The Unetanneh Tokef prayer we recite on Rosh Hashanah is the most moving part of the High Holiday liturgy. It includes the following sentence that describes a vision of divine judgment to take place on the first day of the Jewish New Year: “All humankind will pass before you like a flock of sheep.” In other words, God’s judgment on Rosh Hashanah extends not only to Jews and the Jewish people, but to the entire world. The day has universal significance. The upcoming High Holidays are an opportunity to expand our perception beyond our selves and communities.
Rosh Hashanah and Yom Kippur, known collectively as the yamim nora’im are an opportunity for Jews around the world to unite in some serious soul-searching.
In recent years, the world’s two largest Jewish communities, in Israel and the United States, have grown apart. There are many reasons:
One major factor are the different processes Israeli society and American Jewish communities are undergoing vis-à-vis tradition and the Jewish religion, as well as the relationship between Jewish tradition and universal values. On the one hand, Israel is moving toward increased support for Orthodox interpretations of traditional Jewish values, sometimes in direct contrast to what could be considered universal values of human rights. On the other hand, it has become increasingly common for American Jews, who belong predominantly to non-Orthodox communities, to put universal values above Jewish particularism, sometimes citing Jewish sources as their reason for doing so. This is especially true of young people, who look at the “occupation” or certain actions by Israel in the West Bank and Gaza with tunneled vision, fed by mainstream media. This can make it difficult for these individuals to feel solidarity with the State of Israel.
Another factor affecting American Jews’ sense of solidarity with Israel is the relationship between religion and state in Israel. The ultra-Orthodox Chief Rabbinate controls the definition and sets the boundaries of Judaism. Basically, it has the power to decide who is a Jew. It also has the authority to determine the validity of Jewish marriages in Israel. On top of that, Orthodox officials in Israel not only do not recognize non-Orthodox movements and their theological views, but are also fighting hard against non-Orthodox influence in the public sphere. This can be alienating and demeaning.
Sadly, the inability to come together seems to be cultivating a bizarre and baffling indifference in Israel by Jews in general and politicians specifically.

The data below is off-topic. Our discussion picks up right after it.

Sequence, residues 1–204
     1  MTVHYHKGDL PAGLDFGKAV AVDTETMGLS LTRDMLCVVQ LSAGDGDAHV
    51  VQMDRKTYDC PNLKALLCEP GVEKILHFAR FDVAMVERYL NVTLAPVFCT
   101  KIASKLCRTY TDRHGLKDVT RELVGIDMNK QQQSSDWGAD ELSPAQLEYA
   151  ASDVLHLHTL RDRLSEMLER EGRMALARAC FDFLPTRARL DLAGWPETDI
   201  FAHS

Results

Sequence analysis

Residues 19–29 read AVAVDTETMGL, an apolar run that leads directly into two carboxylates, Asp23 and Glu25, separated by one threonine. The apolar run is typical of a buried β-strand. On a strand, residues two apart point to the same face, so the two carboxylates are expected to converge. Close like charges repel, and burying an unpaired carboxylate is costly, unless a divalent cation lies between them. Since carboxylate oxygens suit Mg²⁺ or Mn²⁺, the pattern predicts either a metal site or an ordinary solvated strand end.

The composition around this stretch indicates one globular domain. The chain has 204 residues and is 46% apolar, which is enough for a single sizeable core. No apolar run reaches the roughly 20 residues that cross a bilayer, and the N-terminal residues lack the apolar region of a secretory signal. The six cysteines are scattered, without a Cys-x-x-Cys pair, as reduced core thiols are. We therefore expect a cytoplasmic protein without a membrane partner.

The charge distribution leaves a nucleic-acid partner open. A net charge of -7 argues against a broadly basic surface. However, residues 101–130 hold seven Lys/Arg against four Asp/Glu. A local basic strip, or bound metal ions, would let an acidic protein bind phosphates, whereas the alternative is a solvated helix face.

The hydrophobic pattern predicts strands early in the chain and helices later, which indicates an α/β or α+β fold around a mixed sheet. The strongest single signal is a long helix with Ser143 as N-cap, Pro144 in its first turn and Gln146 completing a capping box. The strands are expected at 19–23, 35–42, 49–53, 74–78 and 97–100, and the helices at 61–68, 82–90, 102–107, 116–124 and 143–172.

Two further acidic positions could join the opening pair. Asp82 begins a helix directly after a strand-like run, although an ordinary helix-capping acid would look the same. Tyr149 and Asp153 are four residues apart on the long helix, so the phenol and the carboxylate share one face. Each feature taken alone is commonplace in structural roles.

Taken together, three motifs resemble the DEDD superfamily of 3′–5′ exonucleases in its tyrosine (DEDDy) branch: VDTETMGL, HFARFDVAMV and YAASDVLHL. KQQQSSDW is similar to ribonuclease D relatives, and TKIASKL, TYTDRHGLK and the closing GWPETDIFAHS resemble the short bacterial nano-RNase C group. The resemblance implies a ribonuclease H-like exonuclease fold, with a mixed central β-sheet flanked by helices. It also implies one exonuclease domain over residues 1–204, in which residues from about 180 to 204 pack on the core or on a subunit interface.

However, American Jews are motivated and in a position to influence what goes on in Israel. In fact, led by the Jewish Federations of North America, leaders of the pluralistic streams of Judaism, foundations, and private donors, U.S. Jews have been working to solidify a broad base of support for liberal ideas in Israel. These movements are working to change Israel’s approach to democratic values and the issue of religion and state. Admittedly, until now, success has been limited.
"In recent years, the world’s two largest Jewish communities, in Israel and the United States, have grown apart."
These days of judgment are thus an important opportunity to engage in soul-searching on both sides of the ocean. On the Israeli side, the first thing we need to do is recognize the importance of the American Jewish community to the Jewish people and the State of Israel, and listen closely to its needs and feelings. This utter disregard for half of the population of the Jewish world cannot continue.
At the same time, the American Jewish community must be aware of the changes that are going on in Israel and find a middle ground, between the desire to effect change and influence processes and the willingness to understand and accept Israel, even if it doesn’t make all the changes diaspora leaders are requesting.
Maintaining and strengthening this bond among Jews is the sacred responsibility of Jews everywhere. As such, the road to change must go through dialogue and efforts to find the shared and unifying elements on both sides, while accepting the inevitability of differences and change. The American-Israeli link is vital to the continued existence of the Jewish people.
Dr. Shuki Friedman is the director of the Center for Religion, Nation, and State at the Israel Democracy Institute, and a lecturer at the Peres Academic Center.